The Games


    The first game started off slowly for both players. While Kudou had a pair of Scavenging Oozes, Tan was had a third-turn Invisible Stalker that he enhanced with Rancor.

    When Tan untapped and cast Unflinching Courage, all bets were off. The enchantment made Tan's Invisible Stalker a 5/5 and threatened a four-turn clock while padding his life total.


    Raymond Tan

    Kudou had an uphill climb; he had to race a creature that was causing a ten point life swing each turn.

    On the following turn, Tan shrugged and slammed down a second Unflinching Courage on his Stalker. With no way to destroy the unblockable creature and no way to race it, Tan quickly took game one.

    If there's one thing that the Bant Hexproof deck does not take to kindly, it is mulliganning. Due to its color requirements and necessity for both creatures and enchantments, it is not uncommon for Hexproof to mulligan multiple times.

    In the second game, Tan was plagued by exactly this; he begrudgingly kept a four-card hand.

    This was exactly the opening Kudou needed. Kudou was able to get a normal start, playing Flinthoof Boar and Domri Rade, while Tan stumbled with a second turn Gladecover Scout.


    Kouichi Kudou

    It didn't matter though; Tan slowly drew the card for his third turn—a third land for Unflinching Courage.

    Now it was Kudou's turn to fumble; unable to find a fourth mana source, he was stuck casting another Flinthoof Boar.

    The players were at a stalemate; Tan continued to draw lands while Kudou continued missing land drops.

    Finally, Tan found a Spectral Flight, giving his Elf flying. Kudou was on a four-turn clock and need to finish Tan off quickly.

    Unfortunately for Kudou, Tan soon found Ethereal Armor, enchanted his Gladecover Scout, and attacked for the win becoming Grand Prix Kitakyushu Champion.

    Raymond Tan 2 – Kouichi Kudou 0




     

  • Top 5 Cards of Grand Prix Kitakyushu

    by Ben Swartz and Josh Bennett



  • 5. Scavenging Ooze

    When top pros were asked what the most influential card in Standard was, it was unanimous: Scavenging Ooze. Before Magic 2014 was released, one of the most popular decks was Junk Reanimator. Thanks to the pesky 2/2, Unburial Rites barely made an appearance here in Kitakyushu. The fact that it can quickly grow to become a 5/5 and get out of range of Mizzium Mortars made it incredibly powerful against Gruul Aggro decks. Finally, Strangleroot Geist and Snapcaster Mage players were tearing their hair out all weekend while the two-drop disrupted their plans — turning extraordinary cards into just ordinary.





    4. NOT Sphinx's Revelation

    One of the most surprising things that started happening around Round 5 in Kitakyushu was the absence of Sphinx's Revelation from the top tables. After being a key card in both Ben Stark and Shahar Shenhar's Standard decks from the World Championships, the expectation was to see it in droves here. Even Shouta Yasooka opted to remove white from his control deck, opting to use Opportunity in Sphinx's Revelation's place.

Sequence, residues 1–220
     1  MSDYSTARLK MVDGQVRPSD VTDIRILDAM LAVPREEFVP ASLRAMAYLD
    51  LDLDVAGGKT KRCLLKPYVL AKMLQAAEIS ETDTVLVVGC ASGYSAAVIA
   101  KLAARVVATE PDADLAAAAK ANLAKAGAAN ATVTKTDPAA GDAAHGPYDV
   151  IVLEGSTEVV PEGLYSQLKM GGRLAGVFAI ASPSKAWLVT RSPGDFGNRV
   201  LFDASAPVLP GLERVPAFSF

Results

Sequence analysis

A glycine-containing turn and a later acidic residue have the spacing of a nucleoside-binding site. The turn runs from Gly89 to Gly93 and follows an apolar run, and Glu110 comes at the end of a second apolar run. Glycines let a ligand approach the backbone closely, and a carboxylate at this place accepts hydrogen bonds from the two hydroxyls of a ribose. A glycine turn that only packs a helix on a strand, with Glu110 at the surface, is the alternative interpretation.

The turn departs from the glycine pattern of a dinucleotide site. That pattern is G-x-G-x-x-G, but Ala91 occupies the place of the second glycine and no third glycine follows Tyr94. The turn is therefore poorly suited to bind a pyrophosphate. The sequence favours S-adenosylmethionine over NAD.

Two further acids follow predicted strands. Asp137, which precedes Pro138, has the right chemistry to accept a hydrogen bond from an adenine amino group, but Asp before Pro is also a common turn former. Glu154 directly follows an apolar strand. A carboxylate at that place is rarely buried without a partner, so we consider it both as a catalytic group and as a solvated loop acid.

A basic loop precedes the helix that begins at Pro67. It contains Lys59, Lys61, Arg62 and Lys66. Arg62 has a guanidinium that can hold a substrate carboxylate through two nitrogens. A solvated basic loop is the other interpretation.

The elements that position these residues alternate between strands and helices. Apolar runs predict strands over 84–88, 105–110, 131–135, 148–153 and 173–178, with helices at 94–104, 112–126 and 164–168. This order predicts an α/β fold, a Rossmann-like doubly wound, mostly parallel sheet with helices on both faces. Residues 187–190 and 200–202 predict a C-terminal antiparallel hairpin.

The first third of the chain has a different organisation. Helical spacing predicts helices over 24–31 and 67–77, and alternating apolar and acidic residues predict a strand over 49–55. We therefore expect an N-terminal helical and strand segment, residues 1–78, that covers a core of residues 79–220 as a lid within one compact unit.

3. Delver of Secrets

    When Yuuta Takahashi showed me that he was playing Delver of Secrets this weekend, I was sure that he had pulled the wrong deckbox out of his bag. The one mana transform card hasn't been seen since Yuuya Watanabe's championship "Samurai Delver" at GP Manila, nearly a year ago. With it rotating in a month, Yuuta Takahashi decided to take it out for one last hurrah by recreating the Blue-White Delver deck of memory, cobbling it together with Quicken instead of Gitaxian Probe, and Unsummon for Vapor Snag. It paid off — Takahashi made Top 8. Turns out a 3/2 flyer on turn two is still good.





    2. Thundermaw Hellkite

    The finisher of choice for aggressive decks with red. When the opponent is already reeling, trying to fight off Flinthoof Boar and Scavenging Ooze, they rarely have anything left in the tank to stop the Hellkite. Five damage quickly turns into ten, and that's usually more than enough. Kouichi Kudo spent the weekend giving a masterclass in 5/5 haymakers, but he met his match in Raymond Tan's Bant Hexproof. His only losses in the swiss were to Tan and Kuo, and their meeting in the semifinals all but doomed him to second place. Five hasty damage isn't going to steal a game where your opponent is gaining seven a turn.





    1. Unflinching Courage

    In the land of races and Mizzium Mortars, the five-toughness trampling lifelinker is king. This little enchantment (and its partner in crime, Fiendslayer Paladin) strikes at the heart of Kibler Gruul and exposes its weakness — an inability to deal with non-creatures. Where other decks would have access to Ray of Revelation or Abrupt Decay, Kibler Gruul is left out in the cold. The king is dead at last. But in even here we cannot escape the legacy of Brian Kibler. After all, he was the man who introduced the world to Armadillo Cloak.